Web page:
You go after selection and placement first because there is a clear need for it.
There is a clear need, and there is also a clear lack of technology for it. What’s interesting is that if you had come to this show 10 years ago, you might have found picking robots. They just wouldn’t work. The industry has struggled with this for a very long time. People said it couldn’t work without AI, so people tried niche AI and standard AI, and it didn’t work.
Your systems feed a central database and each selection informs the machines how to select in the future.
Yeah. The funny thing is that almost every item we touch goes through a warehouse at some point. It is almost a central clearing place for everything in the physical world. When you start out creating an AI for warehouses, that’s a great foundation for AI coming out of warehouses. Let’s say you pull an apple from the field and take it to an agricultural factory – it has seen an apple before. He’s seen strawberries before.
It’s a one-on-one. I pick an apple from a fulfillment center so I can pick an apple from a field. More abstractly, how can these lessons be applied to other facets of life?
If we want to take a step back from Covariant specifically and think about where the technology is heading, we see an interesting convergence of AI, software, and mechatronics. Traditionally, these three areas are somewhat separated from each other. Mechatronics is what you will discover when you come to this show. This is a repeatable motion. If you talk to the sales people, they tell you about reliability, how this machine can do the same thing over and over again.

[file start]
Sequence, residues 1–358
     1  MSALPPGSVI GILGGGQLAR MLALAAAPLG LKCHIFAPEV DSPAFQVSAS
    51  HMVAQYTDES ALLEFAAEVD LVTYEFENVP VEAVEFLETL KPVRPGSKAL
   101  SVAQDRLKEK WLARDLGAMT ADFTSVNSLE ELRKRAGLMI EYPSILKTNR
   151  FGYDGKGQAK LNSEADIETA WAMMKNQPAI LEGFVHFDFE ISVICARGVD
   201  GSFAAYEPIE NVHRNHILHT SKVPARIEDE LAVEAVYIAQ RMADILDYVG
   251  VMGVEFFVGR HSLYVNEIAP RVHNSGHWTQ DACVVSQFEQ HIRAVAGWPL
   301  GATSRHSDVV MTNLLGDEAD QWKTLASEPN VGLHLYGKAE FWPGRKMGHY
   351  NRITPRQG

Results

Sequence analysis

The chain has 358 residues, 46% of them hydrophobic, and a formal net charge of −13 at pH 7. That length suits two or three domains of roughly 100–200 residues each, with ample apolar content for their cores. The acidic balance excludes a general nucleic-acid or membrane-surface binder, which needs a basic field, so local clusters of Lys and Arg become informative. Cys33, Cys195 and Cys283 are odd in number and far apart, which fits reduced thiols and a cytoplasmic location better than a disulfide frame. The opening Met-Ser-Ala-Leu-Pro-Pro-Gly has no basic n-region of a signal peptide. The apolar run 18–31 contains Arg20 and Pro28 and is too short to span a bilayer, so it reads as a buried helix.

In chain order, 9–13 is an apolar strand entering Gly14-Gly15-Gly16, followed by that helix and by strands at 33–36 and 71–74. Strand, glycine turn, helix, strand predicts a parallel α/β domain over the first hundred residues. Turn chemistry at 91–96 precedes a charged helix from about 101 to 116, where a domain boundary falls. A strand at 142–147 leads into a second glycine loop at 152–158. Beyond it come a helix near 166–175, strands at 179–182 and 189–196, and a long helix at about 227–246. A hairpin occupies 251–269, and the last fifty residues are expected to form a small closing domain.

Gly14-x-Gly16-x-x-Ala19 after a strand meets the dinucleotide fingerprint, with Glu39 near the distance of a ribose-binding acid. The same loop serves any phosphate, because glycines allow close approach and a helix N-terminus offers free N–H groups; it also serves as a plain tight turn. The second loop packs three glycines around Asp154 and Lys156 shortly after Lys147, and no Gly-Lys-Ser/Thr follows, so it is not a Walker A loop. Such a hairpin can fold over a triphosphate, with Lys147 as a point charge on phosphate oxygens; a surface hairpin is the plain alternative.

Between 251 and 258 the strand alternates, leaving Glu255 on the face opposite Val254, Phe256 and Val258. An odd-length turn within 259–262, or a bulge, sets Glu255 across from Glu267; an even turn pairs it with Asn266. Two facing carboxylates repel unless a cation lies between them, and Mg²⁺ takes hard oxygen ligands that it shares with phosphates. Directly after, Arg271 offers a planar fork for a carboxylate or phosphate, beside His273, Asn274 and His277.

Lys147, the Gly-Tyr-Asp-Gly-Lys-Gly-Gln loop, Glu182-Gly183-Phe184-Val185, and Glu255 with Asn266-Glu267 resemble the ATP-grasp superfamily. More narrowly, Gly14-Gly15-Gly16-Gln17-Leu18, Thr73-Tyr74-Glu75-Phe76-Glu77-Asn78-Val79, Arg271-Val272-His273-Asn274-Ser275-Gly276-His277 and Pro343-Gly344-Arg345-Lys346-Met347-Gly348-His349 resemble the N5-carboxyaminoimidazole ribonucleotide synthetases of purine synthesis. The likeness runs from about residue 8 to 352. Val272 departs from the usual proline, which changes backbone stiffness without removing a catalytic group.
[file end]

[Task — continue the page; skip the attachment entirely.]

The truly amazing evolution we’ve seen from Silicon Valley over the past 15 to 20 years is in software. People have cracked the code on how to build really complex, really smart software. All of these applications that we use are actually people exploiting software capabilities. We are now at the forefront of AI, with all the incredible advancements. When you ask me what’s beyond warehouses, where I see it really going is the convergence of these three trends to build highly autonomous physical machines in the world. We need the convergence of all technologies.
You mentioned the arrival of ChatGPT and the blindness of people who make translation software. It’s something that happens in technology. Are you worried that a GPT is coming and effectively blinding Covariant’s work?
This is a good question for a lot of people, but I think we had an unfair advantage in that we started out with pretty much the same belief that OpenAI had with fundamental model building. General AI is a better approach than creating niche AI. That’s what we’ve been doing for five years. I would say that we are in a very good position, and we are very happy that OpenAI has demonstrated that this philosophy works really well. We are very excited to do this in the world of robotics.